There is a doctrine, dating from at least a hundred years back in the common law,1 that a forbearance asked and given may constitute a consideration for a guarantee. But, so far as we can ascertain, such a forbearance has always been actual; the transaction of guarantee has been treated as a contract, a forbearance of value given for a guarantee of value. The subject is discussed at some length in the Canadian case2 cited by the appellant Bank in the case now before us.
This concept of the transaction before us would be that Frishman guaranteed the loan in consideration of the forbearance of the Bank in not calling it. This would be a valid contract. As such it would be binding both ways, binding on Frishman and binding on the Bank. The argument encounters several difficulties.
The first difficulty is that the record contains no evidence of such an agreement. No witness said the Bank agreed to forbear or intended to forbear. We are shown no evidence of an undertaking on the part of the Bank that it forbear from calling the loan. On the other hand the guarantee bond specifically recited that the Bank might grant extensions and otherwise deal with the borrower 'as the Bank may see fit'. The circumstances of the execution of the guarantee were described by witnesses for both plaintiff and defendant. No mention of forbearance as a factor was made. The guarantee was described by all as intended to be part of the formalities of the making of the loan. The plan went awry in its schedule.
The manager of the Bank testified that, to the best of his knowledge, there was no correspondence or verbal discussion between the Bank and Mr. Frishman during the period March 20th (the date the loan was made) and March 25th (the date of the execution of the guarantee bond). It seems to us that, if a contract of such size and importance were being negotiated, some communication between the parties would have occurred.
In sum, there simply is no evidence in this record that the Bank demanded the guarantee in consideration of its forbearance from calling the loan, or that the parties agreed upon a forbearance.
It is said that forbearance can be presumed. But we think it cannot be presumed from mere failure to call. Ordinarily the reason a lender does not call is that he is satisfied with the state of the loan. The normal course is not to call a demand note in the absence of some circumstance which disturbs the contemplated state of affairs, or until the loan has run unduly long. The term 'forbear' means not to do something one would otherwise do. So the term does not apply to a more abstention from call. It applies when some circumstance makes a call appear to be the probable or intended course. This element of the meaning of the term is what makes a 'forbearance' available as a consideration in a contract.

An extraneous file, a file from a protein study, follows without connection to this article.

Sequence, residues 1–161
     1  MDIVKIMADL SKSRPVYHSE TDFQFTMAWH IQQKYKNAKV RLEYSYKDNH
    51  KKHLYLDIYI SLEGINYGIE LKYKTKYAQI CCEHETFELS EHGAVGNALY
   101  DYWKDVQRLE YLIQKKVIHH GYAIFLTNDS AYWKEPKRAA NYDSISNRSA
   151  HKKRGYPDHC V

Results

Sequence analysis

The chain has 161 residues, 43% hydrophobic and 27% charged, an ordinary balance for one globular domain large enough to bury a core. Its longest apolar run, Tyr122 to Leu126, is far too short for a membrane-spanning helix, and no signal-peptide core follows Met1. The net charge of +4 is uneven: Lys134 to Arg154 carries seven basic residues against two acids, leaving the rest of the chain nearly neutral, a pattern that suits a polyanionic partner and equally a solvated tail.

In the case at bar the failure of the Bank to receive the fourth guarantee could well have been a circumstance which justified the Bank in calling the loan. Although the call of a loan of $185,000 five days after it was made would appear to be a somewhat unusual business transaction, we think the circumstances here would have given a forbearance enough substance to constitute it a consideration for a contract of guarantee. The Bank could have said, 'If we do not get this fourth guarantee we will simply call the loan.' Such a determination would make a contrary forbearance a fact of real substance which could constitute a consideration for a bond. But the forbearance must be a fact; the course from which the Bank forbore or agreed to forbear must be a fact. But this record contains no evidence of such action or attitude. We cannot presume it.